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June 11 Premarket Briefing: 10 Things You Should Know

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Updated from 6:49 a.m. EDT

Here are 10 things you should know for Wednesday, June 11:

1. -- U.S. stock futures were lower and European stocks fell after the World Bank trimmed its global growth forecast.

The World Bank cut its 2014 growth forecast to 2.8% from 3.2%, citing a bitter American winter and the political crisis in Ukraine.

Asian stocks finished the session mixed.

2. -- The  economic calendar  in the U.S. on Wednesday includes the Treasury budget at 2 p.m. EDT.

3. -- U.S. stocks  on Tuesday closed mixed. While the  Dow Jones Industrial Average  and Nasdaq turned green in the final minutes of trading, the  S&P 500  remained in the red, somewhat deflated from record highs set the day before.

The S&P 500 fell 0.2% to 1,950.79. The Dow tiptoed 0.02% higher to 16,945.92, while the Nasdaq added 0.04% to close at 4,338.

4. -- The European Union Commission's antitrust regulator is investigating deals that Apple , Starbucks and Fiat struck with tax authorities in several European countries to see whether they amount to unfair state aid, The Associated Press reported.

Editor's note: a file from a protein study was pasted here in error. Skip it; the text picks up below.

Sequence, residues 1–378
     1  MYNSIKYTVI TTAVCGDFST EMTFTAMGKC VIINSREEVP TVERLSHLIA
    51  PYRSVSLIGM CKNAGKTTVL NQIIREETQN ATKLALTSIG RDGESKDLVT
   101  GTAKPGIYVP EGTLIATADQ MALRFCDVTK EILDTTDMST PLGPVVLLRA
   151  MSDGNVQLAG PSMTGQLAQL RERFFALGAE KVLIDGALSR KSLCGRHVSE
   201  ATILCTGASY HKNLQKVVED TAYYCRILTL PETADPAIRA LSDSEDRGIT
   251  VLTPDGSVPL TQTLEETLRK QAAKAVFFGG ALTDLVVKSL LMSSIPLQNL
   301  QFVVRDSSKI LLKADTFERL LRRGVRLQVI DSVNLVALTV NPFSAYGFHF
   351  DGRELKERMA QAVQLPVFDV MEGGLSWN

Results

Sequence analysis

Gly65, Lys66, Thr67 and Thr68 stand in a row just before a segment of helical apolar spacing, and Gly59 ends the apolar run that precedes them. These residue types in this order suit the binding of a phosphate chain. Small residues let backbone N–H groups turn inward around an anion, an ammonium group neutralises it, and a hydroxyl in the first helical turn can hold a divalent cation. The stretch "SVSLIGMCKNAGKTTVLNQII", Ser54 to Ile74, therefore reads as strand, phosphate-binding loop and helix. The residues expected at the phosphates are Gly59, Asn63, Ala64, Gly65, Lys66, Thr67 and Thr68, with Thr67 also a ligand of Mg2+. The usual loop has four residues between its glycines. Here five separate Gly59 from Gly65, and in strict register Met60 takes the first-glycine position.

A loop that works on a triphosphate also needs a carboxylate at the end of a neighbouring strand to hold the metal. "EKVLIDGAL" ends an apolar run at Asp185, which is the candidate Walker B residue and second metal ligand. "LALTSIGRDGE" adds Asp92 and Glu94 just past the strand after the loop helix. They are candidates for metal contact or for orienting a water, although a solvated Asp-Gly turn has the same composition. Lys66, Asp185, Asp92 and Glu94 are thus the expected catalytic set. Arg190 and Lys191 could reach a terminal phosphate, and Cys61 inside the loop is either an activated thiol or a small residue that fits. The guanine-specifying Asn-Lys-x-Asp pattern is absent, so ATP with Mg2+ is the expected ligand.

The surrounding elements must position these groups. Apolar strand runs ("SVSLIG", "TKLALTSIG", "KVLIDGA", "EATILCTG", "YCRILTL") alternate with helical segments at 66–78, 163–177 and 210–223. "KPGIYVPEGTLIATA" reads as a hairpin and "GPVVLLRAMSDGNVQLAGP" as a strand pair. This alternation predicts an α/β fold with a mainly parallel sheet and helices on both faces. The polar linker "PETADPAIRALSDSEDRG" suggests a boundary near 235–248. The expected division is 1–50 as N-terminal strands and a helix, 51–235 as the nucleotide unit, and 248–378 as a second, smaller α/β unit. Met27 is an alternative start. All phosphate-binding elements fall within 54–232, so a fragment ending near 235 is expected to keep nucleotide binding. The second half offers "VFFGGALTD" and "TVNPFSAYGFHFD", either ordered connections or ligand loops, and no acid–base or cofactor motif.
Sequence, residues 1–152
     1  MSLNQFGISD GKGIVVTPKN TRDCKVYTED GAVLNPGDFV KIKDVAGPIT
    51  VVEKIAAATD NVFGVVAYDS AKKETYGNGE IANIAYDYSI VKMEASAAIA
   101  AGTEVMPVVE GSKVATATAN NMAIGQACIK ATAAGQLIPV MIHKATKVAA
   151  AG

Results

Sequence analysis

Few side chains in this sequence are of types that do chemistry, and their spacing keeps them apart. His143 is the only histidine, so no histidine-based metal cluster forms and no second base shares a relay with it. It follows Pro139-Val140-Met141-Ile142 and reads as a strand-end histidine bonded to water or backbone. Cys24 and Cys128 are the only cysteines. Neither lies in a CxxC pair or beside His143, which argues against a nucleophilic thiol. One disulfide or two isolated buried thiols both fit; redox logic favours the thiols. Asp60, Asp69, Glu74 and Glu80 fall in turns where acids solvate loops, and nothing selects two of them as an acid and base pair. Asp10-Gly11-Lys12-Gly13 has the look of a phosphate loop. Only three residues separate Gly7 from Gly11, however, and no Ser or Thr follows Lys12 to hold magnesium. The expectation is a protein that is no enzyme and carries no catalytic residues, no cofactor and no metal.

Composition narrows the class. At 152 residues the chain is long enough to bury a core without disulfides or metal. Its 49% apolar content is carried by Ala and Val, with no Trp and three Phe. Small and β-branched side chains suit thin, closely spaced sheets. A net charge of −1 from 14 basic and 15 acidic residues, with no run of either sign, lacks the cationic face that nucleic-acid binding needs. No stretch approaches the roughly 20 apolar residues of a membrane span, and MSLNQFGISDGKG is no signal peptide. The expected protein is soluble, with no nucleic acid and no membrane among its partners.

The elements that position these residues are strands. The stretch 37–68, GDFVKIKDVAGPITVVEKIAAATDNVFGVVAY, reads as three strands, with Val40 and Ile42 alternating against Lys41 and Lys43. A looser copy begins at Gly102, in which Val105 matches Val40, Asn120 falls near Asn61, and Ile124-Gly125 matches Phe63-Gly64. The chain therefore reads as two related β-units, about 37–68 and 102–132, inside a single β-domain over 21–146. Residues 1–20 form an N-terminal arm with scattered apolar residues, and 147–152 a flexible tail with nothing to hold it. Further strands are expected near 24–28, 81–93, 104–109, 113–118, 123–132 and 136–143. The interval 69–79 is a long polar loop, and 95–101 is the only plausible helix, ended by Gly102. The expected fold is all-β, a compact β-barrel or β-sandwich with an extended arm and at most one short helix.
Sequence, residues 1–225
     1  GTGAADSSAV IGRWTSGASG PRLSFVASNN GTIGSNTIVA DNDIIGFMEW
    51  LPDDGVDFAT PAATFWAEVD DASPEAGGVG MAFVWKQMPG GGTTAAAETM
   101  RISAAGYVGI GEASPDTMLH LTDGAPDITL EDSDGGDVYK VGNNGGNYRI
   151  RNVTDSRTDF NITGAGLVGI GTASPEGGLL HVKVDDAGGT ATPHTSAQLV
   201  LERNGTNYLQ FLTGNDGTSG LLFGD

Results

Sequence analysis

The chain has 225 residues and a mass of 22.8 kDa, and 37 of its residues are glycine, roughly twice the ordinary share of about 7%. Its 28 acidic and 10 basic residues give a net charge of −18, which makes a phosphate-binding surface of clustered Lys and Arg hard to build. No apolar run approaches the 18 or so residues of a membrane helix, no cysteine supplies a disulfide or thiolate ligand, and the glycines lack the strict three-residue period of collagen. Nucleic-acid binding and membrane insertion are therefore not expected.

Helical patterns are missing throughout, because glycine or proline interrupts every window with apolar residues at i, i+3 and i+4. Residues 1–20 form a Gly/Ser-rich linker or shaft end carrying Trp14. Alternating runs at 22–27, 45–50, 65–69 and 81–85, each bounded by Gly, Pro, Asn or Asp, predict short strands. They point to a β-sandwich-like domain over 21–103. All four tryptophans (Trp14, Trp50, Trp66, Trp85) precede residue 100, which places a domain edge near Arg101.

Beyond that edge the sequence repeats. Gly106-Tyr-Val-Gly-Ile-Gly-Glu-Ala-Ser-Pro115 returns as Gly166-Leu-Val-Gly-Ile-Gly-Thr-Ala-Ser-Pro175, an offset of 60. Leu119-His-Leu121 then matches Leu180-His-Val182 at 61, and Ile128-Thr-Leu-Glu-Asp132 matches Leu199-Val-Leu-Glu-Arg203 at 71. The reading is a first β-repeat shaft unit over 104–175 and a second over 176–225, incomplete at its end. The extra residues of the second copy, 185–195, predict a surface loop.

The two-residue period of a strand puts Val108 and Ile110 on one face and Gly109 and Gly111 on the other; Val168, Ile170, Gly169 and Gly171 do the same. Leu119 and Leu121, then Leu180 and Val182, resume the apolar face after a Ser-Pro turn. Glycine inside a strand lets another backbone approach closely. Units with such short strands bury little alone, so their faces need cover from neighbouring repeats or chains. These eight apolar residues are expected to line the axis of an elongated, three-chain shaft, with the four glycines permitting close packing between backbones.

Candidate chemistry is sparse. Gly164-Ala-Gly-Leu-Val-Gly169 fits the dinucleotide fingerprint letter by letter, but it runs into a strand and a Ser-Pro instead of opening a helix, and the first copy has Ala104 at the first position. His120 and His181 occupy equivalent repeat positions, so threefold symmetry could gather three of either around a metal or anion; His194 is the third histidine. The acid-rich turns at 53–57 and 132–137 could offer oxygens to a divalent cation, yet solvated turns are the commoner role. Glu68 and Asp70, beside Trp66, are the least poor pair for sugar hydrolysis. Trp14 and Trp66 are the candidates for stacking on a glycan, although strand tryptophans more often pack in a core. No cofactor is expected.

The multinationals have agreements with tax authorities in Ireland, the Netherlands and Luxembourg as part of their strategy to minimize the taxes they pay. The EU antitrust commissioner, Joaquin Almunia, said Wednesday that while such agreements are permissible in theory, they would be improper if they give the companies involved an advantage over competitors.

The companies named have been frequent targets of criticism for paying low taxes in some places they operate.

5. -- Bank of America and the Justice Department have reached an impasse in negotiations over a multibillion-dollar settlement deal, The New York Times reported.

The talks stalled on Monday after the bank's latest offer -- more than $12 billion to resolve state and federal investigations into its sale of mortgage investments that later imploded -- fell far short of prosecutors' demands, the Times reported, citing people briefed on the matter. The Justice Department, which had imposed a deadline of Monday evening for the bank to deliver its near-final offer, has sought a settlement worth roughly $17 billion, which would be the largest payout by any bank to date, the Times said.

Bank of America shares fell 1.1% in premarket trading to $15.74.

6. -- has refused to take pre-orders for upcoming Time Warner home video movie titles, including "The Lego Movie," the Times reported.

Amazon started refusing pre-orders for the Time Warner movies in mid-May, according to the report.

Amazon's tussle with Warner Bros. is its third standoff with a vendor. Amazon is in an ongoing dispute with Hachette Book Group, a unit of France's Lagardere, over e-book terms.

The stock rose 1.1% in premarket trading to $335.99.

7. -- American International Group   tapped long-time JPMorgan executive Peter Hancock as its new CEO, choosing a man with scant background in insurance but deep experience in the type of complex financial instruments that forced the giant insurer to take a $182 billion bailout.